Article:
Other examples include:
- fumes from industrial or cleaning chemicals, such as ammonia or chlorine
- nitrous oxide, also known as laughing gas
- metallic fumes from construction activities, such as welding
- industrial air particles, such as complex dust
Other factors that have been shown to cause or increase the likelihood of developing popcorn lung include:
- certain viral or bacterial respiratory infections
- having had a transplant
- immune conditions, such as rheumatoid arthritis and hypersensitivity pneumonitis
- certain drugs, such as penicillamine, 5-fluorouracil, and gold
Transplant surgeries may cause a condition called graft-versus-host disease, which occurs when the body rejects organ transplantation, particularly after lung, bone marrow, or stem cell transplants. This reaction can also lead to popcorn lung.
Does E-cigarette use cause popcorn lung?
The chemicals found in e-cigarette liquid, known as “e-juice,” may be a potential cause of popcorn lung.
According to the American Lung Association, using electronic cigarettes or vaping, particularly the flavored varieties, can cause popcorn lung.
Once the dangers associated with diacetyl were discovered in the early 2000s, the majority of popcorn producers stopped using the chemical. However, e-cigarette vapor has been proven to contain diacetyl.
A 2015 study of flavored e-cigarettes found that 39 out of 51 tested brands contained diacetyl. The same study concluded that most of these brands also contained the toxic chemicals acetoin and 2,3 pentanedione.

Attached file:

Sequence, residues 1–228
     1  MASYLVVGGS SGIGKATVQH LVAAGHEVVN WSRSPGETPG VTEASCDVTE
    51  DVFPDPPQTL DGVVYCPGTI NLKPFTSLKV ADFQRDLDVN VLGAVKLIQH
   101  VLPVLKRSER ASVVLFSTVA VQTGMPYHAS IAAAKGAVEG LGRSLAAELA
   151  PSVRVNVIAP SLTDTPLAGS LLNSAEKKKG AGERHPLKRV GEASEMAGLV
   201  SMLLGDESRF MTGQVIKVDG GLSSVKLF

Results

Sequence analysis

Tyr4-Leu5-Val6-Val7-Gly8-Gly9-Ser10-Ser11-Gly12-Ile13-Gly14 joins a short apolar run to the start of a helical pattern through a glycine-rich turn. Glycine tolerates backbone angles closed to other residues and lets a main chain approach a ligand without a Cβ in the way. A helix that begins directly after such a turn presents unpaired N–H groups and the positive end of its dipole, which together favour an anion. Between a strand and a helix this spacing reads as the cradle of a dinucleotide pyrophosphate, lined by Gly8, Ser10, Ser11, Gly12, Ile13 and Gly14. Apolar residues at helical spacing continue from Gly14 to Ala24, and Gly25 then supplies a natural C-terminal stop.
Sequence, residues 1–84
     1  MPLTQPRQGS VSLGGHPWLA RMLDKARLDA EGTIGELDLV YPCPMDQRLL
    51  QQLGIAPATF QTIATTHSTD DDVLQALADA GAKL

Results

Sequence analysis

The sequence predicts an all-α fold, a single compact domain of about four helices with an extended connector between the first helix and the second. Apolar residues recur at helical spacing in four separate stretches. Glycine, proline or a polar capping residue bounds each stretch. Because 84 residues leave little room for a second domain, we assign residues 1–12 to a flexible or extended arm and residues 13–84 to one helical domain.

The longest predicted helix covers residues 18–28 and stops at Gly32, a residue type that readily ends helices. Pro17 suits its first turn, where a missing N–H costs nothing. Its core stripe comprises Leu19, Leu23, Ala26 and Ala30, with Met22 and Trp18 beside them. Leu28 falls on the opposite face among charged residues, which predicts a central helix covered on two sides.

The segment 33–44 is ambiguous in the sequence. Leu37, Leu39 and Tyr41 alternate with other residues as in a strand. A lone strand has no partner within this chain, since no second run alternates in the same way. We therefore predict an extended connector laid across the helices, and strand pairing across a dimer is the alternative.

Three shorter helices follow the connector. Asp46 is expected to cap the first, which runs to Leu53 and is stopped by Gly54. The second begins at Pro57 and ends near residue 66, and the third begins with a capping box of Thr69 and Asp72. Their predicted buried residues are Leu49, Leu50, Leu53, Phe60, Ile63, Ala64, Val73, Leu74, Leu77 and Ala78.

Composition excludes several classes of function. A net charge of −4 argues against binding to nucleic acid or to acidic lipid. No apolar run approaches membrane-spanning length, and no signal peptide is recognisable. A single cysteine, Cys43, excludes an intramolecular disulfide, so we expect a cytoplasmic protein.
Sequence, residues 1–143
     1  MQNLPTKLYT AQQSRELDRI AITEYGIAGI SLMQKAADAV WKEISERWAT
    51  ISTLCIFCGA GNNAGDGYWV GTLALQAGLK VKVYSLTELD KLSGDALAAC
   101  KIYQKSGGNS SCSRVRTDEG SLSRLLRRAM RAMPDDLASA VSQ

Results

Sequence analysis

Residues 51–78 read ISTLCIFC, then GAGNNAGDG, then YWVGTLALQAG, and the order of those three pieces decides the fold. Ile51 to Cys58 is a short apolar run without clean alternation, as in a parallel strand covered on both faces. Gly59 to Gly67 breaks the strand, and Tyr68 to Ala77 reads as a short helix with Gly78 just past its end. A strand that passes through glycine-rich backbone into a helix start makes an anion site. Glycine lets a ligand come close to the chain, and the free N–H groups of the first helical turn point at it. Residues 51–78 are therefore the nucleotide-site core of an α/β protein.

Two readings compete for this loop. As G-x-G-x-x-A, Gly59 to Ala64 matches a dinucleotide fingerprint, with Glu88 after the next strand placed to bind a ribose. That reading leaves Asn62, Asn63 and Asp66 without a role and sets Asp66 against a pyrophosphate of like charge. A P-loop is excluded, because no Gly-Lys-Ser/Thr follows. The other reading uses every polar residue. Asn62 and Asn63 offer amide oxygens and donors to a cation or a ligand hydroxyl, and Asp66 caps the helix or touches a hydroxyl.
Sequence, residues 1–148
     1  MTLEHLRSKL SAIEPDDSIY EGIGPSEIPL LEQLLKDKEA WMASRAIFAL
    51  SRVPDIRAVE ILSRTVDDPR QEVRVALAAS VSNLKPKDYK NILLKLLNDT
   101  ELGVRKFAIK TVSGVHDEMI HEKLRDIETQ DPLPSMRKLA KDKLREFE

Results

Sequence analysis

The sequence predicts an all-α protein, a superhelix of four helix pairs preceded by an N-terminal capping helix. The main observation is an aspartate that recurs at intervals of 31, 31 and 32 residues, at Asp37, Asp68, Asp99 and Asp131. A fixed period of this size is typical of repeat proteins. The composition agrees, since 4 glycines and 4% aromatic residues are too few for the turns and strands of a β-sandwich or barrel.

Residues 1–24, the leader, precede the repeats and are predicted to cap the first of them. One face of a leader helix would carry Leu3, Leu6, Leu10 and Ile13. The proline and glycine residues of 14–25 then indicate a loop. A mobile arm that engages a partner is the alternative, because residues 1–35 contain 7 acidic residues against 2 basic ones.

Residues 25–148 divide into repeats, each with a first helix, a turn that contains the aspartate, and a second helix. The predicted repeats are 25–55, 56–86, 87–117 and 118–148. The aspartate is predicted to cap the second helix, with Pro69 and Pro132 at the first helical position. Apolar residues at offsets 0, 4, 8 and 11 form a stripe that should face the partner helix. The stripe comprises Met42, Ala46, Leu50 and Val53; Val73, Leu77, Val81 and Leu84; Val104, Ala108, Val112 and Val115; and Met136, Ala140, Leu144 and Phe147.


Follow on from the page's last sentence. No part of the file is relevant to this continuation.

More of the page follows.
Manufacturers add diacetyl to the “e-juice” that is vaporized by e-cigarettes, most commonly to the strongly-flavored varieties. Diacetyl occurs in a wide range of different flavored e-cigarette products, ranging from vanilla to caramel and coconut.
E-cigarettes only came under the control of the U.S. Food and Drug Administration (FDA) in 2016. Changes to regulations may be required in the coming years as more research is carried out.
A diagnosis of popcorn lung usually follows after a person has presented with the symptoms but has no other respiratory conditions.
Once a doctor suspects the condition, they will often perform a full exam and review the person’s medical history. In particular, the doctor will look for possible causes, such as exposure to toxic fumes or infection.
Doctors may recommend further tests to confirm the diagnosis.
Commonly used tests include:
- Bronchoscopy: using a small, flexible, lighted instrument to look inside the airways. Airway washes can be done during the procedure to collect cell samples.
- Biopsy: removal of a portion of affected lung tissue for examination under a microscope.
- Pulmonary function tests (PFT): breathing tests used to assess and monitor the progress of symptoms.